The bioeconomic potential for agroforestry in northern cattle grazing systems : an evaluation of tree alley scenarios in central Queensland
reportposted on 06.12.2017, 00:00 by P Donaghy, S Bray, R Gowen, John RolfeJohn Rolfe, M Stephens, S Williams, M Hoffman, A Stunzner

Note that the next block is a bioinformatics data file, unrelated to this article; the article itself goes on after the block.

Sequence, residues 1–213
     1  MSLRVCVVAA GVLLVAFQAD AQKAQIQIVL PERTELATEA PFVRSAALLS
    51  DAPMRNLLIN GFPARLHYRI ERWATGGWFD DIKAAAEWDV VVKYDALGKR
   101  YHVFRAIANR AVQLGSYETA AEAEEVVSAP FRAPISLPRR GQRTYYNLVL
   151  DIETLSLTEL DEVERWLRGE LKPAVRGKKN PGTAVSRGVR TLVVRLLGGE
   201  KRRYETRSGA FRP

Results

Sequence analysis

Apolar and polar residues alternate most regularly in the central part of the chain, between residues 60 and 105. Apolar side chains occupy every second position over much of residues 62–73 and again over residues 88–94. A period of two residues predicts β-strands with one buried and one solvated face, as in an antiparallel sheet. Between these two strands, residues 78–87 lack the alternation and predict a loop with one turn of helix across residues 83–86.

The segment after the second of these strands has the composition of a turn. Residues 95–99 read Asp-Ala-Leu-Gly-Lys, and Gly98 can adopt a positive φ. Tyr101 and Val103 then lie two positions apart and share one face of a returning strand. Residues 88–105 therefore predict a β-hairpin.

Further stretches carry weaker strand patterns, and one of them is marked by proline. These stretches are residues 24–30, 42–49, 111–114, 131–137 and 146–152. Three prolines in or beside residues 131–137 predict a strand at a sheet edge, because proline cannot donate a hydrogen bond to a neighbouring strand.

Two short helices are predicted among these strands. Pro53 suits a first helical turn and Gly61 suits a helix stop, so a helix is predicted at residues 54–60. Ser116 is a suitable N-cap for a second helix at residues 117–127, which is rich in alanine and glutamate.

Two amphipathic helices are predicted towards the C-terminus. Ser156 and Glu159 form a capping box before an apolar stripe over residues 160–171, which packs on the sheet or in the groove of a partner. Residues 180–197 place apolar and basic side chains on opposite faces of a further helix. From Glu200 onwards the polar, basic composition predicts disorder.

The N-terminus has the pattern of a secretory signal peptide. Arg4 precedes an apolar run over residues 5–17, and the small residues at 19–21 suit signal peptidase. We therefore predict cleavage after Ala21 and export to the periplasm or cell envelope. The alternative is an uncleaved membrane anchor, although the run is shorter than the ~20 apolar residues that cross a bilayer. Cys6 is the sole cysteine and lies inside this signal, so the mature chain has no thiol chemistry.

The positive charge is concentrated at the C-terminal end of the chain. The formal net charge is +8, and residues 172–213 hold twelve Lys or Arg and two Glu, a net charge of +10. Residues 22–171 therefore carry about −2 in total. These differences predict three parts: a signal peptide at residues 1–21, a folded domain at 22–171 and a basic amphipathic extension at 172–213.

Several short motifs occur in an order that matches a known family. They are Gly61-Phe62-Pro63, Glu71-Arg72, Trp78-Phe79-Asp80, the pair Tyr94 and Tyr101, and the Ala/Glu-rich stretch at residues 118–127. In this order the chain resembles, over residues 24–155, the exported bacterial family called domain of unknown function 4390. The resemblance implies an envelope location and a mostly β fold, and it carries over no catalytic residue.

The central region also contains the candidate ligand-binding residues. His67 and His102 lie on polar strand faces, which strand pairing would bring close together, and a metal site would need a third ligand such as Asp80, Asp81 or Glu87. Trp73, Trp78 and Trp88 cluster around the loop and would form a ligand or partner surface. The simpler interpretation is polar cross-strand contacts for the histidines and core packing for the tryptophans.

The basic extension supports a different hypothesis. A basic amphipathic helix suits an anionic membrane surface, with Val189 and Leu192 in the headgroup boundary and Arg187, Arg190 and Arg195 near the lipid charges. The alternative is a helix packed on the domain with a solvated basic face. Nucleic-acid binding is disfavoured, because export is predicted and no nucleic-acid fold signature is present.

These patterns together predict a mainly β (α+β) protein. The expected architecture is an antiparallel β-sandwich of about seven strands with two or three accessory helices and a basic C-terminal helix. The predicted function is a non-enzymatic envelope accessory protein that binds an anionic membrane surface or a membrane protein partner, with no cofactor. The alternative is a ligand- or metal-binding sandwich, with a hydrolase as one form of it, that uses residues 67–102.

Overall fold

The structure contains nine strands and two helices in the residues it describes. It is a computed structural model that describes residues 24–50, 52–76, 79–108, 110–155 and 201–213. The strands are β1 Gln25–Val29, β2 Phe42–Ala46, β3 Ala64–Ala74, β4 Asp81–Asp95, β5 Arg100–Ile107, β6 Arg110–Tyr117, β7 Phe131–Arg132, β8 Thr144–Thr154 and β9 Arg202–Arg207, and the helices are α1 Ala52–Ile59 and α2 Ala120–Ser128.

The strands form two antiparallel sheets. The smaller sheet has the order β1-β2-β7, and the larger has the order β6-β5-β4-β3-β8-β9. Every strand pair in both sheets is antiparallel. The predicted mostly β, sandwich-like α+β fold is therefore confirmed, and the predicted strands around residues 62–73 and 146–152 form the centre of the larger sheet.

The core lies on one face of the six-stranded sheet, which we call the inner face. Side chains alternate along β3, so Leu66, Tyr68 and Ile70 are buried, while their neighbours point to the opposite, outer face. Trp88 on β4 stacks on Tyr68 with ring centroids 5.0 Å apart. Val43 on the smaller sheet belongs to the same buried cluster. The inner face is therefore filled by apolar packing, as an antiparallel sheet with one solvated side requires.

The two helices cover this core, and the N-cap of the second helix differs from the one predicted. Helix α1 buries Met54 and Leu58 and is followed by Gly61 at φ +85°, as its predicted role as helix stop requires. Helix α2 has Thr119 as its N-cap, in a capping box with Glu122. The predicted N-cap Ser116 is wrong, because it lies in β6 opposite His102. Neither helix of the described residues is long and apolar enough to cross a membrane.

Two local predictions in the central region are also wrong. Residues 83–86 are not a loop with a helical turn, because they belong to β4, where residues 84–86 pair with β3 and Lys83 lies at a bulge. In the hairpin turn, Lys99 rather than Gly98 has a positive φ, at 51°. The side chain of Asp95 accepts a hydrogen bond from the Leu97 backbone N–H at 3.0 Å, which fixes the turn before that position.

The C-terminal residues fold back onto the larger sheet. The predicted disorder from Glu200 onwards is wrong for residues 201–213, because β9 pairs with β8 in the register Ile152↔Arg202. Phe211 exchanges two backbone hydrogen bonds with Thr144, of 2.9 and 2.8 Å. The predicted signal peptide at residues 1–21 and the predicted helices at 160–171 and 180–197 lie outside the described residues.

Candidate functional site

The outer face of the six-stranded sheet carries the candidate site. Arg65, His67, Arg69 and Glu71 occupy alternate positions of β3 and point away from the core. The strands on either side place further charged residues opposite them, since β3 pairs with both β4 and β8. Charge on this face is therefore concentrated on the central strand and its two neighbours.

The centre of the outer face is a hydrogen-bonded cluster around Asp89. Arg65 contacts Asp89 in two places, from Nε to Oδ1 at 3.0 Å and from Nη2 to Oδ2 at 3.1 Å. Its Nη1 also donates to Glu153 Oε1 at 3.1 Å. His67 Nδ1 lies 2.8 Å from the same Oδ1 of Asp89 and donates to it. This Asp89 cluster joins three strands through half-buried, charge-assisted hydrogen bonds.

Extensive land clearing for livestock production and associated land degradation has led to greater interest in the role of trees and revegetation practices such as agroforestry for achieving productivityand environmental outcomes in pastoral landscapes. RIRDC recently funded a national scale analysis (Polglase et al. 2008) of the potential to grow and profitably market wood products. Whilst there is now a growing understanding of the bio-economic interactions driving plantation hardwoods, there is little known about the economic outcomes of establishing complementary agroforestry and silvopastoralism in northern Australia’s lower rainfall zones (600-750 mm annual rainfall) including central Queensland. Silvopastoralism may offer landholders considerable advantages over traditional grazing systems in terms of income diversification, environmental benefits through increased woody vegetation cover andareas of stimulated versus constrained pasture growth. RIRDC commissioned this investigation to better understand whether an agro-forestry production system produces better financial and environmental outcomes than an extensive grazing system.